“For us, I think we’re going to continue doing what we’ve been doing, continuing to distribute in Arizona and Colorado, but right now I’m not seeing an avenue to expand beyond that,” Erway said. “Not because I don’t think we can, but I don’t think it’s something we can do properly. But, I do feel like we can reinvest in Albuquerque and Santa Fe profitably, and I’m going to be looking long and hard at what exactly our target demographics are, where exactly those people are located density wise around this city and between here and our neighbors to the north, potentially to the south, and try to find a really great location as close to them as we possibly can be, and build a smaller brewery that can hopefully … what my goal is is to double down on the curmudgeonly beers that bring out the passion in a lot of us here, and offer those hardened craft beer fans have always supported us something unique. That’s not to say I’m promising anything, that’s my goal.”
A second La Cumbre brewing location focusing on the kind of styles that make beer geeks like us extra happy? Yes, please. This is a situation we will be closely following, but as Erway said, it is only in the preliminary phase. A location will have to be found and secured, then built or at least remodeled. That will take time, probably stretching beyond 2023, so be patient, everyone. Still, it is a promising development for all involved.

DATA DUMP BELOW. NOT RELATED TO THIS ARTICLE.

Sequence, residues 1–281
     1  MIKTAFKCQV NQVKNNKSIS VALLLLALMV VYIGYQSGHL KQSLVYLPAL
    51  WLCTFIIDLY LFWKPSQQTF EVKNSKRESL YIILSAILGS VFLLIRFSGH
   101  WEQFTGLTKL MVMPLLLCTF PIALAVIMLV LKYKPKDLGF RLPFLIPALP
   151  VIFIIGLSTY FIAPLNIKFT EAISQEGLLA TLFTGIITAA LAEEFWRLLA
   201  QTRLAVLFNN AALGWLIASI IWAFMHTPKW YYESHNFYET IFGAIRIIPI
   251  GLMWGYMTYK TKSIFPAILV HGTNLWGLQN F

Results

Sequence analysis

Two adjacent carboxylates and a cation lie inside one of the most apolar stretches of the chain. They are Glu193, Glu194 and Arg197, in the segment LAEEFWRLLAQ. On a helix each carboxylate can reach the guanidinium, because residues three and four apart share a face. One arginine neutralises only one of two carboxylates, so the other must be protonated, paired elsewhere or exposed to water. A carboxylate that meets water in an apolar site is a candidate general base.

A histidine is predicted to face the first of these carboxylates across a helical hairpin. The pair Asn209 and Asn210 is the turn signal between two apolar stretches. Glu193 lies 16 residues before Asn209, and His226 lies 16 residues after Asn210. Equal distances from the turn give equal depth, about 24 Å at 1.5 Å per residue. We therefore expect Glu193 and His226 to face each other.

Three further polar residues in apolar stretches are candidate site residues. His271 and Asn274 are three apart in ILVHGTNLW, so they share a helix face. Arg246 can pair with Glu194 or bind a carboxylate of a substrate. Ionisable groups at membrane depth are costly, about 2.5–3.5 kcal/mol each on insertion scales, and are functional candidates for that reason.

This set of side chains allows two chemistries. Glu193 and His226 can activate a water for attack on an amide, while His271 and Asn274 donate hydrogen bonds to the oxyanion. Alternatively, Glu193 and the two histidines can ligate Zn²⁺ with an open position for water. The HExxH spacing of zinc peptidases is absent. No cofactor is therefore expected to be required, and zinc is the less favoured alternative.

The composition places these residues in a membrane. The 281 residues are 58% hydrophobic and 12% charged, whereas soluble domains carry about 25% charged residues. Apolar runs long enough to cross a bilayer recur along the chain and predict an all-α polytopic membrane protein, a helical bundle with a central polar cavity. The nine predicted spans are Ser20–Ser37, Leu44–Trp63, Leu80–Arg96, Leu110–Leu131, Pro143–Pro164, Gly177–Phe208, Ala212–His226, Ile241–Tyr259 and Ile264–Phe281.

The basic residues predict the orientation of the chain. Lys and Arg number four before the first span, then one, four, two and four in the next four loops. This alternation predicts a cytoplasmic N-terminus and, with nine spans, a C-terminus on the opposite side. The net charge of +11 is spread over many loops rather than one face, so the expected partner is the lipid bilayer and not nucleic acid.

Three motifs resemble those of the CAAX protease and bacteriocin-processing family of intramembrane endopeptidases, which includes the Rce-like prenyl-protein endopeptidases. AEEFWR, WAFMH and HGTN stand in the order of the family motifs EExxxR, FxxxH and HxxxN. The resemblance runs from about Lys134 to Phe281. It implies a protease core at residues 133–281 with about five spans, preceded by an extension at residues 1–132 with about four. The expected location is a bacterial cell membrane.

In the meantime, La Cumbre will keep having fun with its seasonal and specialty offerings alongside the bigger releases and year-round beer that we have all come to love.
“I’m going to keep trying to create new and interesting beers on our pilot system,” Erway said. “The local drinkers can expect to see a lot of new beers out of our brewery in cans and on draft. But, unfortunately, I think the reality is that it’s a mistake to push those beers far and wide. Because I think anybody that’s been out to the really large retailers of craft beer outside of the state understands what happens to all of those beers. It’s not that the beers themselves aren’t high quality or well marketed, and I’m talking about mine and other breweries, there are a ton of beers on the shelf that 10 months ago were exceptional, and now they’re collecting dust.”